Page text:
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The characteristics of craniofacial and cervicovertebral morphology in different genetic syndromes – a literature review and three case reports

Lazić, E.
Jakovljević, A.
Nikodijević Latinović, A.
Nedeljković, N.

Puni tekst: engleski pdf 598 Kb

str. 24-33

preuzimanja: 674



Introduction: Patients with genetic syndromes were characterized by variety of skeletal craniofacial and cervicovertebral morphology. Skeletal anomalies are recognized concomitants of the various genetic syndromes. The aim of the study was to review the current literature on this topic and to present the characteristics of craniofacial and cervicovertebral morphology and subsequent anomalies in three patients with Crouzon syndrome, Treacher Collins syndrome and cleidocranial dysplasia.
Materials and Methods: A comprehensive electronic search was performed using PubMed via Medline, Web of Science and SCOPUS.A manual search involved references form articles retrieved for possible inclusion. There were no restrictions as to date of publication, study design or language. The search, evaluation of relevant articles, and their critical appraisal were performed by two independent judges. Discrepancies between reviewers were resolved through a consensus with a third party. Case reports: Additionally, this paper presents a radiographic analysis of craniofacial and cervicovertebral morphology in patients with cleidocranial dysplasia, Crouzon, and Treacher Collins syndromes. The most characteristic findings of cervicovertebral morphology were the presence of cervical spine fusions in all three patients. The intervertebral fusions in patients with Crouzon and TreacherCollins syndromes have been characterized with "block vertebrae". Cervicovertebral complex of the patient with cleidocranialdysplasia is characterized by delayed mineralization of vertebral bodies (C1–C7).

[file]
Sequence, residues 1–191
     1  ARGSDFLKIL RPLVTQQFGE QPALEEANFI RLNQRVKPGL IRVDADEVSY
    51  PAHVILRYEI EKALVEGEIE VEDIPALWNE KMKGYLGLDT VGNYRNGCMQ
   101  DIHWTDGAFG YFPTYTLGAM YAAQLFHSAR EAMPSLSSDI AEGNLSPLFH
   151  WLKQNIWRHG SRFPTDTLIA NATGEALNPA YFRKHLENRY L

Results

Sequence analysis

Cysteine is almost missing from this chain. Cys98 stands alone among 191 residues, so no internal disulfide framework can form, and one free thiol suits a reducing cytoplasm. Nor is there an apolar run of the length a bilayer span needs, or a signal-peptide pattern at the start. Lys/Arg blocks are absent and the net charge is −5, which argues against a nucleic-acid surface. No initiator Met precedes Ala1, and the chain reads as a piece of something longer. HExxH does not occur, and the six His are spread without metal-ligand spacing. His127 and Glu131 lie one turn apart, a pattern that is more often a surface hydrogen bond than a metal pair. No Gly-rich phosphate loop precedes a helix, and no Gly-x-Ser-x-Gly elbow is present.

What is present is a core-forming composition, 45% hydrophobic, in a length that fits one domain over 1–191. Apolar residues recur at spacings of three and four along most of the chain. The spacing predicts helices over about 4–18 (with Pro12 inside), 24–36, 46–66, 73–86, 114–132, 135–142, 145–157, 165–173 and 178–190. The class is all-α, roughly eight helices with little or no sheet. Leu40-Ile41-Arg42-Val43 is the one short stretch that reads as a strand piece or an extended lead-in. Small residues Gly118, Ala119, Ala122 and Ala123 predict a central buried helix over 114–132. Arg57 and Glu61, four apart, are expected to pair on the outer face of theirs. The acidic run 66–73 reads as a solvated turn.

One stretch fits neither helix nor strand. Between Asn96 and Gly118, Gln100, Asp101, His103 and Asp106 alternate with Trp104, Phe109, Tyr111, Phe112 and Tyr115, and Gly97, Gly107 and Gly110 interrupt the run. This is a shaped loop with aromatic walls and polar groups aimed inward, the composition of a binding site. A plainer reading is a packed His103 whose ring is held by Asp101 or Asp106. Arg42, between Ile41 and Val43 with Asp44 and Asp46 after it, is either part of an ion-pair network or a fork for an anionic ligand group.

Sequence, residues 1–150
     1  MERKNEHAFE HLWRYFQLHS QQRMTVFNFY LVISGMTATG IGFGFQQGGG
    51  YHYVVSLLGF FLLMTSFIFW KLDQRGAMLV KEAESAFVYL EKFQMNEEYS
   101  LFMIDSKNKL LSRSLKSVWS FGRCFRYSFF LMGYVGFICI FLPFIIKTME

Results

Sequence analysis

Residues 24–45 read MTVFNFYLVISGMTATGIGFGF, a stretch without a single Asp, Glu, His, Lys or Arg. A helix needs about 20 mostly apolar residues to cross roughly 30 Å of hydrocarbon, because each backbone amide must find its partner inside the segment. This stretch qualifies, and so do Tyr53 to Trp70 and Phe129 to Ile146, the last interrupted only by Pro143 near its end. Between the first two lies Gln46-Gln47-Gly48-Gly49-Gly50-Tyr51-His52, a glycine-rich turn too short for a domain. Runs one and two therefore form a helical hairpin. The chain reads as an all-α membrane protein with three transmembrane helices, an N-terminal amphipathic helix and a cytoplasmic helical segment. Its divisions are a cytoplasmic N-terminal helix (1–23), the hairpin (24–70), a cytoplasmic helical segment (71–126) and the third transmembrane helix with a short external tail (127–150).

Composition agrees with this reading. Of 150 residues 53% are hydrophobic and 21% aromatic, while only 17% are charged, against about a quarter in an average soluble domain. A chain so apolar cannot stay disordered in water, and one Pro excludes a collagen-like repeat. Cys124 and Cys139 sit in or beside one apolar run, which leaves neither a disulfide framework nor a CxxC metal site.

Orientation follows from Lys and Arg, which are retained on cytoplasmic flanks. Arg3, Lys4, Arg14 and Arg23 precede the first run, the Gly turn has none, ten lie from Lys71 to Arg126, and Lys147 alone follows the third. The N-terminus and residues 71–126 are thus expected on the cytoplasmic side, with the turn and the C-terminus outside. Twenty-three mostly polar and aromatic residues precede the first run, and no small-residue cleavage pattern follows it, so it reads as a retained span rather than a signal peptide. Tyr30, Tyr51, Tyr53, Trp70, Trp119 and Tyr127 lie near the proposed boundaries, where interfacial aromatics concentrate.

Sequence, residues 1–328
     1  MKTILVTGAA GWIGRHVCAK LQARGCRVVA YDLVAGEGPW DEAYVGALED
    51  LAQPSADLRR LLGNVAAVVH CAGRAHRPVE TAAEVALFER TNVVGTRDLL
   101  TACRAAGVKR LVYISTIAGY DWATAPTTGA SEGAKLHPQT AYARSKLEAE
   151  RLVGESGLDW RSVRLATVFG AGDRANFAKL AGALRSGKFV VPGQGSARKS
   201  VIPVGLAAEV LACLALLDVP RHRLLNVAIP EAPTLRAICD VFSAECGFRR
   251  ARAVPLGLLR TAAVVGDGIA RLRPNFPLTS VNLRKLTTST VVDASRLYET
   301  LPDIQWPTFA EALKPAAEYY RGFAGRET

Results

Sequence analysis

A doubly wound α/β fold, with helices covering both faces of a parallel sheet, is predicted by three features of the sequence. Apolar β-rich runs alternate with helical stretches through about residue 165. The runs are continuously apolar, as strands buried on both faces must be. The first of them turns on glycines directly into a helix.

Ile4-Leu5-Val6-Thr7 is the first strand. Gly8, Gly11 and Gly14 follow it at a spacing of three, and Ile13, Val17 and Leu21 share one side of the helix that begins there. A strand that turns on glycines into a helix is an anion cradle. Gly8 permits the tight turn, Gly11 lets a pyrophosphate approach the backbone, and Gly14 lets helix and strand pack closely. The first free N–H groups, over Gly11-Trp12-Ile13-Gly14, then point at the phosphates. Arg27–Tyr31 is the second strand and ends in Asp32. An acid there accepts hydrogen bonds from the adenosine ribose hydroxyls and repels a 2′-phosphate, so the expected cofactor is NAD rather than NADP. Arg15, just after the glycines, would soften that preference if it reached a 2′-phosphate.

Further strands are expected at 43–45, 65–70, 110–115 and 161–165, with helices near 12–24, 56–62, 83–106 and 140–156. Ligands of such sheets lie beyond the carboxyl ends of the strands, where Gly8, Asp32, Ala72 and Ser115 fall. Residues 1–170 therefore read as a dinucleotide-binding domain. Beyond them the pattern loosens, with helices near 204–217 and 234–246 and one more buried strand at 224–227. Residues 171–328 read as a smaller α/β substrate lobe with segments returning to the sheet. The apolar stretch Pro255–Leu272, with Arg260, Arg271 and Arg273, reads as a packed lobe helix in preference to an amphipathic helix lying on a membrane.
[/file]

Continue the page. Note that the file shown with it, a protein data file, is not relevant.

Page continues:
Results: Although craniofacial and cervicovertebral anomalies in presented syndromes have different phenotype expression, the vast majority of cases are caused by mutations in specific, syndrome-related genes (FGFR2, FGFR3, RUNX2, TCOF1, POLR1C,POLR1D). Craniofacial anomalies, that include changes in development of hard and soft tissues, were considered as traditional concomitant of presented syndromes. Apart from these changes, cervicovertebral region could also be affected. Recent reports show different changes in vertebral structure (delayed mineralization) and unphysiological relations (cervical spine fusions).
Conclusion: The limitation of cervical range of motion resulting from these anomalies may have clinical significance on multidisciplinary management approach in these patients. Recent progress in dentistry resulted in better diagnostic and therapeutic options and outcomes for individuals with genetic syndromes.

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